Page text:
To qualify for equity capital, you must illustrate your ability to provide value in the form of future growth. If the company does not grow as expected, the value of the investment will decline. Because of this higher level of risk, the cost of equity capital will exceed the cost of debt for business owners.

Equity capital might be the right route for your business if you need a mentor to guide growth. In addition to working funds, the right partner should have experience in your sector and prepare to have a stake in your success. If you think your company could benefit from this type of input, carefully consider the amount of equity you sell to a potential investor. Giving up more than 50% of business means you’ll no longer have control of the company.

Advantages of equity investments

Advantages of equity investing vs. loan financing include:

  • Delayed financial impact of months or even years, unlike debt, which requires repayment almost right away
  • Ability to qualify without necessarily having a strong business credit score, cash flow, or collateral
  • Guidance and mentorship from an experienced partner who knows what your business needs for sustainable growth

Disadvantages of equity investments

Consider these possible disadvantages before moving forward with equity investments:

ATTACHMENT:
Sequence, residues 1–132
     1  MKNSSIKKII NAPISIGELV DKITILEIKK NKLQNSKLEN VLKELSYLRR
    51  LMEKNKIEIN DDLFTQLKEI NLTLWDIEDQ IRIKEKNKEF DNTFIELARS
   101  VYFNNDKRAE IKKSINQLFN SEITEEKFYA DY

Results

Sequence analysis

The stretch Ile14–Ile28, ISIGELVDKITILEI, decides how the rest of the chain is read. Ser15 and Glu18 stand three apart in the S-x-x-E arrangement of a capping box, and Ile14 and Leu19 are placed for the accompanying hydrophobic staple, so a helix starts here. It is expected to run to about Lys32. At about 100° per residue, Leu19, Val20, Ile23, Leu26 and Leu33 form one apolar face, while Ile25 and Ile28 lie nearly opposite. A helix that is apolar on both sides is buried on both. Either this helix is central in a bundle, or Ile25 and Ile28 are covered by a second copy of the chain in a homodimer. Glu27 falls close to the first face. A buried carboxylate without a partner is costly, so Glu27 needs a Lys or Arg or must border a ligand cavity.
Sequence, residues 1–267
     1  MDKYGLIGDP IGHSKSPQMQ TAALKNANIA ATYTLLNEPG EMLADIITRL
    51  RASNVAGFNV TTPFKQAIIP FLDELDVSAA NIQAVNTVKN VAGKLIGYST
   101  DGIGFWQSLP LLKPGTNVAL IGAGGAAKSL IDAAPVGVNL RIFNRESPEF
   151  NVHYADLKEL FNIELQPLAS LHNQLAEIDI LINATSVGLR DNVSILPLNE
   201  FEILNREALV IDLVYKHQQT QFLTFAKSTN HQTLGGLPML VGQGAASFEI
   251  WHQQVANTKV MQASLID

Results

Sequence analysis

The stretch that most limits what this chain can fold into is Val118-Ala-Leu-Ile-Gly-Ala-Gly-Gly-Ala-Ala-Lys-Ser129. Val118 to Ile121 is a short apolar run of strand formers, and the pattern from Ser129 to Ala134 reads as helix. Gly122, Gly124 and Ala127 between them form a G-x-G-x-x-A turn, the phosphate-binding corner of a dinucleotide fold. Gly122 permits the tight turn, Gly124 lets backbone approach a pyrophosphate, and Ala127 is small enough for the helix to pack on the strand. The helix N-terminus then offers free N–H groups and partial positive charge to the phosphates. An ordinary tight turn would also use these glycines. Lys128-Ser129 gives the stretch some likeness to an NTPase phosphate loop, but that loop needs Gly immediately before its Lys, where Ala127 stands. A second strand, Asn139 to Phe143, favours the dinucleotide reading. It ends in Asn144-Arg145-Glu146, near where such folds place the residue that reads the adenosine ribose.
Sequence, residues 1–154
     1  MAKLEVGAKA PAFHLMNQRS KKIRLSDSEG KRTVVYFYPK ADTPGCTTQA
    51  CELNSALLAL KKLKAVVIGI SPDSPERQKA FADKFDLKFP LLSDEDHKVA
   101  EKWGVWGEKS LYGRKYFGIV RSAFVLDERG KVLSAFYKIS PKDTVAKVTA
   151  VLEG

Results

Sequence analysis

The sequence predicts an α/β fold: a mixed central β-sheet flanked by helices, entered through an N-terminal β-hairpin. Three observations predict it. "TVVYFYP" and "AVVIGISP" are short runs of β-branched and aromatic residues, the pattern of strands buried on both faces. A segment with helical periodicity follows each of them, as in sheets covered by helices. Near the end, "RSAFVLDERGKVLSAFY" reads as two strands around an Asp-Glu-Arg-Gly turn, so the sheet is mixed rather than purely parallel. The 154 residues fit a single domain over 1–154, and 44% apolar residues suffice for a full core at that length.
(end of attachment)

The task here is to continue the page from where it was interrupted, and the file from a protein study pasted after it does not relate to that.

• You must give up a portion of the company to your investors, including part of your control of the business and the projected value of your product and brand in the future.
  • Conflicts about the direction of the company and other important business decisions can arise when you have multiple owners. 
  • Equity capital tends to cost more than debt does. In other words, the amount of profit you will owe an investor if the company succeeds as planned is usually higher than the interest you would pay on a comparable amount of debt. 

With so many creative ways to raise capital, comprehensive planning can help you create a financial plan that works for your business. You may decide to rely solely on debt or equity capital or combine the two to best suit your strategic objectives and support success.

  1. About the Author:

  2. About the Author:

    As a Principal at Valesco, Angie Henson serves in key roles related to new investment origination, portfolio management, and investor relations. She directs the firm’s strategic acquisition planning and program management as acting head of research and business development operations since 2002. Angie holds a Bachelor of Science from Tarleton State University and a certificate in entrepreneurial studies from Southern Methodist University.